It’s Going Down, I’m Yelling Timber; Let’s Talk Big Tech
Last Monday, Facebook announced (ironically) via Twitter, that it was aware users were having trouble accessing their products and apps including the popular WhatsApp, Instagram and Messenger. Turns out it stopped working for users around the world for several hours. They scrambled to bring it back online, succeeding a whole 6-hours later as Mark Zuckerberg apologized to the world (this time on Facebook, not Twitter).
So, what actually happened? In a nutshell, Facebook’s systems stopped talking to the wider internet. More technically speaking, they explained that “configuration changes on the backbone routers that coordinate network traffic between our data centers caused issues that interrupter this communication which had a cascading effect, bringing our services to a halt”.
For some, it was merely separation anxiety from other users and struggles surrounding the addiction of social media, but for many others the outage was no joke. Take WhatsApp as an example. As the most popular messaging app in 100+ countries, and 2.5B+ users around the globe, the world depends on this critical infrastructure. It is the go-to alternative to text, especially in the developing world with underdeveloped, or overly expensive, telecommunications options. Seven countries have a massive 90%+ of their population on the app.
Beyond messaging, Whatsapp delivers critical, and varied, services to different countries. As examples, COVID-19 tests can be ordered on the app in Lebanon, a chatbot connects patients to doctors to report COVID-19 symptoms in Argentina, citizens can use an in-app directory of 1000s of retailers in Brazil, and financial institutions send trade information in London. In India, the app’s largest market with 390 million users, over 15 million small businesses use the Whatsapp Business platform.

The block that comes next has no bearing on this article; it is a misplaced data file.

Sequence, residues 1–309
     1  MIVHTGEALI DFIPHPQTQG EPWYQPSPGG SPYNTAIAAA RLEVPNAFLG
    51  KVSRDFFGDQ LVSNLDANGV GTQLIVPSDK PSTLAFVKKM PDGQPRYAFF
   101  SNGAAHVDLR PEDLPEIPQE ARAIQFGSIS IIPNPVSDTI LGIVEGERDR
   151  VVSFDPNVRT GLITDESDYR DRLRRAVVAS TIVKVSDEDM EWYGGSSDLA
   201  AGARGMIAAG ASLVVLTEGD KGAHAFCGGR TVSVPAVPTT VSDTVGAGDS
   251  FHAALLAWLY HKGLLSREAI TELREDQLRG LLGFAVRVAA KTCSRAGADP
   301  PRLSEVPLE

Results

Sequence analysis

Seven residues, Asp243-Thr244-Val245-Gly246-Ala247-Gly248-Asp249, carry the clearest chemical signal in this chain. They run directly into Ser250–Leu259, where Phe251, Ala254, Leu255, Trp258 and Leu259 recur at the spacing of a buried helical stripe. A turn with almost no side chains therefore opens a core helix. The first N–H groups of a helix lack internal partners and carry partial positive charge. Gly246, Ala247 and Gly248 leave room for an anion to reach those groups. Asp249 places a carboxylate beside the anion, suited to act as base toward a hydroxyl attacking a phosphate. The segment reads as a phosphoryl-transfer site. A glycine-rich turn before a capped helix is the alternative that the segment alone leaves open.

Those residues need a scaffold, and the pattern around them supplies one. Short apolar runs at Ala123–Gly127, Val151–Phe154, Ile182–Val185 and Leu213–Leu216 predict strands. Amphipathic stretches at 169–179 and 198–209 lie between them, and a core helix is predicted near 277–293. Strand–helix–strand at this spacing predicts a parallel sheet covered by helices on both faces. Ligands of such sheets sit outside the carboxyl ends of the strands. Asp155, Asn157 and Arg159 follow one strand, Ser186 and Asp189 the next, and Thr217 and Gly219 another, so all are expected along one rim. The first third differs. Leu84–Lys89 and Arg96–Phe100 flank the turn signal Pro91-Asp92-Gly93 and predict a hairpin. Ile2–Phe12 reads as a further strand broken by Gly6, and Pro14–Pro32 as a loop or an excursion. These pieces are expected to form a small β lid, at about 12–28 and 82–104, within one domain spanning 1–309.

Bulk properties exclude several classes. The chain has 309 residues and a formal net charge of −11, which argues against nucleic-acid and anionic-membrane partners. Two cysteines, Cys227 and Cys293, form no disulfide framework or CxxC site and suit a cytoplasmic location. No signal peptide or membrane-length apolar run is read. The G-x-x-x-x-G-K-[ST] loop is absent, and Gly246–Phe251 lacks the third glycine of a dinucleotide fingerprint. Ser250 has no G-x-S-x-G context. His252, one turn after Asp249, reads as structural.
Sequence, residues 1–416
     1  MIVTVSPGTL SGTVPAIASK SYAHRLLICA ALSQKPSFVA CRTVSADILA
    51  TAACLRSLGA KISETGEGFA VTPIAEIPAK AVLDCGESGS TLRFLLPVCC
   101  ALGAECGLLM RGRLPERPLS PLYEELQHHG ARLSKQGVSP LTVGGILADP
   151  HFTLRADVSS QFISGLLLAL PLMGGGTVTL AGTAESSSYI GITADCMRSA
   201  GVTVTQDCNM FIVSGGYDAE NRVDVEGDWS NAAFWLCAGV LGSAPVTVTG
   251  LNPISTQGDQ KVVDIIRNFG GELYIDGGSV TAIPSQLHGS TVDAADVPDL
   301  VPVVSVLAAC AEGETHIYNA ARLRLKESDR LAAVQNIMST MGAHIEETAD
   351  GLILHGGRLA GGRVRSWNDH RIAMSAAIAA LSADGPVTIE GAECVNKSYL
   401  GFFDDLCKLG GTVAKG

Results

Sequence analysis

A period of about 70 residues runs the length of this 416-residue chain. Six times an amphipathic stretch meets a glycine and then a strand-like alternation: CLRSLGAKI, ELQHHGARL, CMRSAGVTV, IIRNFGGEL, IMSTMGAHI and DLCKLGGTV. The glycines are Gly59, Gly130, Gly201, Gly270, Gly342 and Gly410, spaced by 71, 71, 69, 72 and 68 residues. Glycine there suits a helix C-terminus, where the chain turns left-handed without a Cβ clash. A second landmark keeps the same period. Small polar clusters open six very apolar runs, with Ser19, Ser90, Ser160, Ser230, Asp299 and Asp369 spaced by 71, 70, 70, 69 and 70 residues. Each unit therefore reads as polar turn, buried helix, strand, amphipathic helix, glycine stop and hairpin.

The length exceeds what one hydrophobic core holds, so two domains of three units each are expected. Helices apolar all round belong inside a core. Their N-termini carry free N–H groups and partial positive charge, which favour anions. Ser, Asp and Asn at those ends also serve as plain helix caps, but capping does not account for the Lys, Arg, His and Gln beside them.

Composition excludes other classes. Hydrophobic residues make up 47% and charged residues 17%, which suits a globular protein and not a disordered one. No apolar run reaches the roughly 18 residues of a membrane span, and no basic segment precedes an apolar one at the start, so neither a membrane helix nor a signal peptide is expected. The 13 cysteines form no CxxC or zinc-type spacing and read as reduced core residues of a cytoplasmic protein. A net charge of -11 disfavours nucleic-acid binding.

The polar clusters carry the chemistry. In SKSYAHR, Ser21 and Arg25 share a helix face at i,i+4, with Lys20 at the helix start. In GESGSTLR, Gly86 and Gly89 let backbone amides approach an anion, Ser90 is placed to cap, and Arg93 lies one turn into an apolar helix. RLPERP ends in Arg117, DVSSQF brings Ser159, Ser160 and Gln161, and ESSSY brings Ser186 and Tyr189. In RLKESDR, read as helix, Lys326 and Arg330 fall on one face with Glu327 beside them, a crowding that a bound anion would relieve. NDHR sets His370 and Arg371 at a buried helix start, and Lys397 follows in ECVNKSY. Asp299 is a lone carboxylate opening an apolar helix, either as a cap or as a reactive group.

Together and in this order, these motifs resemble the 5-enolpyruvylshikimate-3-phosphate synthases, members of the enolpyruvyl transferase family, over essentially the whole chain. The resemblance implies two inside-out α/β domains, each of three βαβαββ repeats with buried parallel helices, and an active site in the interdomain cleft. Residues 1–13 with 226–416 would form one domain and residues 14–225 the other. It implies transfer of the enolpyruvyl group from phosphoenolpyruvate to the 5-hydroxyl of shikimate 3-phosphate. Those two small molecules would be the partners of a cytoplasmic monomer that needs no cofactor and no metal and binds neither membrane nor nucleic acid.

Evidently, the shutdown heavily impacted the ability for the platform’s 2.8 billion users to communicate and do business, highlighting the over-reliance on Facebook’s services. The monopolistic behavior of Facebook which was previously not recognized by its users surely felt the burn of it. The outage caused plenty of problems and concerns, but arguably the biggest lesson learnt is that it’s wrong to be dependent on single platforms. What will happen if Facebook goes down again, and how users will diversify to protect their downside moving forward, is yet to be determined.
Lauren Thurin, VP, Business Development
Facebook’s outage happened a day after the unmasking of Frances Haugen, the social network’s whistleblower and former employee. The two incidents give credence to the belief that Facebook needs more regulation.
Outage or outrage? Facebook’s stock fell a whopping 5.4% over the 6-hour shutdown, as well as the scandalous whistleblower interview. According to an estimate by Fortune, the outage also resulted in a loss of $99.75 million in revenue.
Check out Netflix’s The Social Dilemma to understand the importance of how big social media companies manipulate users by using algorithms that encourage addiction to their platforms (arguably why Facebook’s outage let to so much outrage). If I haven’t convinced you, check out 8 reasons why you must watch it.
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